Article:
Mention the name Singapore or the Silk Road and chances are vivid, picturesque images will immediately come to mind. Singapore suggests a rich modern maritime city, one that grew from a simple island through the efforts of a far-sighted Sir Stamford Raffles who obtained it for the British East India Company in 1819. The Silk Road, on the other hand, is seen to date much farther back. It conjures up images of age-old caravans snaking along a trade route that had linked East and West from the days of Han Dynasty China (206 BC to 220AD) and the Roman Empire. Yet a common misconception lies hidden here, namely that though the Silk Road had existed for millenia when Raffles “founded” Singapore, he took a barely inhabited island and made it into a stellar city. This is the misconception that John N. Miksic aims to dispel with Singapore and the Silk Road of the Sea 1300—1800.
Miksic, who teaches archaeology and history at the University of Singapore, does not dispute the claims of the “land silk route.” Instead, he sets about to show that land routes linking China, Southeast Asia, India and the Mediterranean were by no means the only ones. The Silk Road of the Sea dates back just as far, if not farther, and Singapore would prove to be a major player in that history. Situated at the eastern end of the Strait of Malacca, its location made it a vital trade port, instrumental in linking three seas: the South China Sea, the Java Sea and the Indian Ocean. And given the cargo capabilities of ships, the trade along this “Silk Road” could have more volume and be more frequent than land caravans.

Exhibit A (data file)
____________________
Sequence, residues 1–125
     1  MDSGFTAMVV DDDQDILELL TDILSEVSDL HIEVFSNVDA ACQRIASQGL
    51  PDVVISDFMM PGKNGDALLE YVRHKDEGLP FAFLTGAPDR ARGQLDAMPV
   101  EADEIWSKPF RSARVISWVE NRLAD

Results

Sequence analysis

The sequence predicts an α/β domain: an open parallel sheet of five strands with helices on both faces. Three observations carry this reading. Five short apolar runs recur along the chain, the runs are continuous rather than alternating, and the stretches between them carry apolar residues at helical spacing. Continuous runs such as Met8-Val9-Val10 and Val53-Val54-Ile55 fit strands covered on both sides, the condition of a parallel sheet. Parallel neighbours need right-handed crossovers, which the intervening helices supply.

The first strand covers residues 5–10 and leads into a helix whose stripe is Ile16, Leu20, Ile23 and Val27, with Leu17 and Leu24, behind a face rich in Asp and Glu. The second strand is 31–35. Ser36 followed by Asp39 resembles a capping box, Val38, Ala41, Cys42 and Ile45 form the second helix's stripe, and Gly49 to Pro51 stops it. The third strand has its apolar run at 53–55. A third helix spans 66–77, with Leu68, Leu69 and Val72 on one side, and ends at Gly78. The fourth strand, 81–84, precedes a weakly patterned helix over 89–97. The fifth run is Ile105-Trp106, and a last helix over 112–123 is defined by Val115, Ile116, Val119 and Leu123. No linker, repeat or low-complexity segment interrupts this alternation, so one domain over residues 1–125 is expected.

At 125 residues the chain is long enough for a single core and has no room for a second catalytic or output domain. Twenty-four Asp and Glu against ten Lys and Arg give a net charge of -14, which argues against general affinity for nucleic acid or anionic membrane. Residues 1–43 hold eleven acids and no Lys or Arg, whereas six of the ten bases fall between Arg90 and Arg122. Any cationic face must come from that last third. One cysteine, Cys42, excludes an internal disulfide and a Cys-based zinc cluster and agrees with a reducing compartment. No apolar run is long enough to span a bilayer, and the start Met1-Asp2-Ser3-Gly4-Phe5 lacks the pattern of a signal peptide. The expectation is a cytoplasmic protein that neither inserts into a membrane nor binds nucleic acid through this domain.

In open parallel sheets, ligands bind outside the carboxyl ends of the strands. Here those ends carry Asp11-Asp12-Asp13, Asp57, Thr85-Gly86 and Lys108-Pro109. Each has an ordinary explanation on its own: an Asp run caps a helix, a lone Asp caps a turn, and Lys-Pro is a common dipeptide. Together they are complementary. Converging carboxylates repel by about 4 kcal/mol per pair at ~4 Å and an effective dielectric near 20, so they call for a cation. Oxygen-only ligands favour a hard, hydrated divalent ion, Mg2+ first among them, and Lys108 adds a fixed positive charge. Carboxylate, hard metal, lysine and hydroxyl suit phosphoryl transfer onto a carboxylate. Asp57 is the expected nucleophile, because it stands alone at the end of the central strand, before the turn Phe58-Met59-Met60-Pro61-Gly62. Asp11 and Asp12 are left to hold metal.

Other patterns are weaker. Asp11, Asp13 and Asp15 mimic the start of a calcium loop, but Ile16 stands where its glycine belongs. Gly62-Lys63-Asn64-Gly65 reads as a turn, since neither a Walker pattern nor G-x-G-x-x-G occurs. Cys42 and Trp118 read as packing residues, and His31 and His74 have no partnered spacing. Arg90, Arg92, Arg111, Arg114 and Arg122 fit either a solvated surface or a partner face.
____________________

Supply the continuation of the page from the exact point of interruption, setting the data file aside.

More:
Certainly when the early 16th century Portuguese first entered Asian waters, the question arose how they would find their way to the fabled but mysterious Spice Islands since these were totally uncharted waters for the West? Miksic’s first four chapters provide the answer. The trade routes were well in place as early as the 3rd or 4th century BC and very active. This trade never ceased. Miksic’s main focus, however, will be on the period of 1300 to 1800, Singapore’s heyday and the time before the arrival of Raffles. In that period the fortunes of Singapore rose and fell and Miksic, as an archaeologist can provide demonstrable proof.
Using the results of extensive excavations in Singapore, the book’s middle chapters leave little doubt as to the imports and exports that passed through this port city century to century. With about 25 years of archaeological research, innumerable artifacts have been discovered, some areas like St. Andrew’s Cathedral yielding a ratio of 519 items per cubic meter. Raffles was aware of this history from the Malay Annals and that proved instrumental in his selection. Other potential locations were available, but Singapore had history on its side, and, for the history-minded Raffles, that made it the perfect way station between India and China, the place to tap into an already existing network.
Singapore and its exemplary excavations are prominent in the book. But other informative points of interest are present as well. Passage through the Strait of Malacca stands in contrast to the more treacherous southern coast of Sumatra. Seasonal monsoons governed east-west movements. Multiple nations participated in trade but the earliest ships of the period were not Chinese but those of Malayo-Polynesians (read Austronesian). China entered once the Han Dynasty was established and had a vacillating on-again, off-again participation. The Yuan Dynasty did not have any compunction against trade, allowing Marco Polo to follow sea routes on his return to Europe. The succeeding Ming Dynasty restricted trade until the Yongle (永樂) Emperor reopened it, bringing Zheng He (鄭和) and his fleets temporarily into the picture, but then China withdrew. Western control of the strait would first go to the Portuguese and then the Dutch who weakened Singapore’s role by requiring trade to stop at Batavia. Raffles and the British would bring it back to life.